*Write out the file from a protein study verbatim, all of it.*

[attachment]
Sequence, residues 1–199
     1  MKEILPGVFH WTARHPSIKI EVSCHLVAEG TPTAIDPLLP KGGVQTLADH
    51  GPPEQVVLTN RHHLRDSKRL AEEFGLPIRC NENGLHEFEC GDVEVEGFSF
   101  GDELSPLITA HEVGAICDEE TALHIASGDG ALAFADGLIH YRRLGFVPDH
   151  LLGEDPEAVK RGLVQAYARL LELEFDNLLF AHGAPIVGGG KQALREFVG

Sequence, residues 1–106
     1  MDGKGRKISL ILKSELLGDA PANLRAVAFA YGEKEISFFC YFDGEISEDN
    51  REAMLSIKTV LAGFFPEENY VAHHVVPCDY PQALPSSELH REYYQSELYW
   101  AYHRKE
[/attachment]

Sequence, residues 1–199
     1  MKEILPGVFH WTARHPSIKI EVSCHLVAEG TPTAIDPLLP KGGVQTLADH
    51  GPPEQVVLTN RHHLRDSKRL AEEFGLPIRC NENGLHEFEC GDVEVEGFSF
   101  GDELSPLITA HEVGAICDEE TALHIASGDG ALAFADGLIH YRRLGFVPDH
   151  LLGEDPEAVK RGLVQAYARL LELEFDNLLF AHGAPIVGGG KQALREFVG

Sequence, residues 1–106
     1  MDGKGRKISL ILKSELLGDA PANLRAVAFA YGEKEISFFC YFDGEISEDN
    51  REAMLSIKTV LAGFFPEENY VAHHVVPCDY PQALPSSELH REYYQSELYW
   101  AYHRKE